When Michelangelo took over the design of this area, he added extra detailing to the facade of the Palazzo dei Conservatori in the form of giant Corinthian columns and porticos to match. And now, as part of the Capitoline Museums, the palace plays host to an array of artifacts from ancient Greek and Roman statues to Egyptian sculptures.
You should also read my post 15 Most Beautiful Palaces In Rome.
The newest building in the triad of structures that surround the Piazza del Campidoglio, the Palazzo Nuovo may seem new, but it actually dates back to 1603. Built to Michelangelo’s exact design specifications, the exterior of this palace mirrors that of the Palazzo dei Conservatori. Its halls provide ample space for a plethora of artifacts; these include sarcophagi, mosaics, statues and busts.
The Rome She-Wolf
The original, and very ancient She-Wolf (Lupa Capitolina), can be found inside the Capitoline Museums. It formed the nexus of the collection that was donated by Pope Sixtus IV in 1471. However, atop a column in Via di San Pietro in Carceri, just next to the Palazzo Nuovo, you can see a replica of the 5th-century BC statue.
You can see this anytime without having to visit the museum, and it looks quite cool on the backdrop of the 400-year-old palace walls (though it is much weathered).
View over the Roman Forum
If you only do one thing when visiting the Capitoline Hill in Rome, it has to be this one. The views over the Roman Forum from the Campidoglio will make you wow a few times. I never tire of it, especially when I walk by at night.
Being one of Rome’s renowned Seven Hills, you’d expect the views from atop the Capitoline to be impressive – and you’d be right, of course. It’s from here that you can soak up views out across the city over the Roman Forum, towards Saint Peter’s Basilica, with the rooftops stretching out into the distance.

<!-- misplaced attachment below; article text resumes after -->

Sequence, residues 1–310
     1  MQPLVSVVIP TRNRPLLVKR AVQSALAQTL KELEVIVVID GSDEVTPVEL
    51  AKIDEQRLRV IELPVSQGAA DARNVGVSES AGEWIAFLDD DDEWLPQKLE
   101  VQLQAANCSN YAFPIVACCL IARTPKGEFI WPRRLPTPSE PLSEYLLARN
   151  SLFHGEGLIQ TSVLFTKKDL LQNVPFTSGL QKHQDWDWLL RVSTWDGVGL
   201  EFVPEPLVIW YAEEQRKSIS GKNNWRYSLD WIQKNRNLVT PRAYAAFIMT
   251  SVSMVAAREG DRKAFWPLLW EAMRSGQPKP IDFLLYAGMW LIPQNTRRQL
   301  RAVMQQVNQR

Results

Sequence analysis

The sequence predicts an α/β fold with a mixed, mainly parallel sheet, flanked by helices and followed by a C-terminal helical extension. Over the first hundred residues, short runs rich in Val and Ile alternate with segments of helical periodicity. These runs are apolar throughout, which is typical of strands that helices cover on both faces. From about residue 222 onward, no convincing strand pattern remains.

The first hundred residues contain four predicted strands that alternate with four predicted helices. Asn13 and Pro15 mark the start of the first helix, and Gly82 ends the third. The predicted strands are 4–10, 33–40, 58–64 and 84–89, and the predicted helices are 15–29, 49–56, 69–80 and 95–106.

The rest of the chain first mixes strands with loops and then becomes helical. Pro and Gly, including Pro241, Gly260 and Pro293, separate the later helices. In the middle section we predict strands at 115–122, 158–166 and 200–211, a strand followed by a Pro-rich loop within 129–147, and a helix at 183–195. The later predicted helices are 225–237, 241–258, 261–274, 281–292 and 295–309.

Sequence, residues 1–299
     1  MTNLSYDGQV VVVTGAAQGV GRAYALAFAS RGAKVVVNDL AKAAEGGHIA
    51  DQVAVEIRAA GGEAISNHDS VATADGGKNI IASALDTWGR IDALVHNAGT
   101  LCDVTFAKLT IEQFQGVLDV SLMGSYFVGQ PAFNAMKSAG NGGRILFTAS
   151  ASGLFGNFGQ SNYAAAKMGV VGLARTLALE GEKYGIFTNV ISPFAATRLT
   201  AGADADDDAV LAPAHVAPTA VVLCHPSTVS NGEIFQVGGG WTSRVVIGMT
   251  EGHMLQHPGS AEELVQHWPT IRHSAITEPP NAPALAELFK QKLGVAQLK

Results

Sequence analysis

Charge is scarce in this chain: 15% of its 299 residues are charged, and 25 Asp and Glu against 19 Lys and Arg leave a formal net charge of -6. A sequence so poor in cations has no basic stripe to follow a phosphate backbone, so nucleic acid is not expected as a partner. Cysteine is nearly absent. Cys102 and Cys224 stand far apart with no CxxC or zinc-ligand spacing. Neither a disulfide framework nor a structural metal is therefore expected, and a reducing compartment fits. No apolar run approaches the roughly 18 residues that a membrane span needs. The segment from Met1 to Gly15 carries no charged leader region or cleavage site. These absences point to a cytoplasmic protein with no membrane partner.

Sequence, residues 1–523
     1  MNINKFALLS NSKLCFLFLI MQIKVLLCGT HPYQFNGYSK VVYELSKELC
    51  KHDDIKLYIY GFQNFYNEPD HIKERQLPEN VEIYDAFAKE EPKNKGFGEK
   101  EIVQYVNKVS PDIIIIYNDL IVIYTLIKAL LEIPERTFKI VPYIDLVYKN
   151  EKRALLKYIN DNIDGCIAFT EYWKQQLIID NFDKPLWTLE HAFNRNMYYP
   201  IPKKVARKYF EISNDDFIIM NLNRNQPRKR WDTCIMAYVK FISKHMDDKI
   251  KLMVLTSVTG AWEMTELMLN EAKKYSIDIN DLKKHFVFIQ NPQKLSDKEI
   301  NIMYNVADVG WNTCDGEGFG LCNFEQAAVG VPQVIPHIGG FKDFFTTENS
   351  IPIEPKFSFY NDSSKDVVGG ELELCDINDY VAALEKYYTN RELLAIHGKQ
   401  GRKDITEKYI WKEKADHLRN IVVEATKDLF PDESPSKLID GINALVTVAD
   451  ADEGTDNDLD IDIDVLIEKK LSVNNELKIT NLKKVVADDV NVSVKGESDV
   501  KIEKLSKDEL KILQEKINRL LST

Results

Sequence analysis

It’s no wonder that the hill formed the core of Rome’s new political center; you can really get a feel for how this would have been the ideal defensive position, and a good place to put the most important religious buildings in the city.
By day it’s a fantastic vantage point to see the monuments, but as night falls the Roman Forum is illuminated, making for some amazing night-time photo opportunities.
How To Get To The Capitoline Hill
Getting to the Capitoline Hill is very easy. First of all, as I have said at the beginning of this post, chances are that if you are staying in the Centro Storico or in the Monti neighborhood you’ll walk near it at some point – it’s right about half way between the two. If that’s the case, simply walk up and take in everything it has to offer.
If, on the other hand, you prefer planning an actual visit of the Campidoglio and are staying elsewhere, you’ll be glad to know this part of town is very well served by public transport.
If you want to take the metro (from Termini), take Line B to Colosseo. From here you walk around one kilometer (0.6 miles) along the magnificent Via dei Fori Imperiali to the Piazza del Campidoglio, which you can access via the historic cordonata.
You can also take the bus to the Capitoline Hill. Again, leaving Rome Termini station, you can use bus routes 85, 83, 81, 63, 30 or 44 to reach the base of the hill. The nearest bus stop is Teatro Marcello/Ara Coeli.
Get off here and then it’s just a simple matter of a few minutes stroll to reach Piazza del Campidoglio, which you can access either via the staircase that starts in Piazza dell’Ara Coeli. Other access points are from beside the Altar of the Fatherland (Vittoriano) and from the back of Giano’s Arch.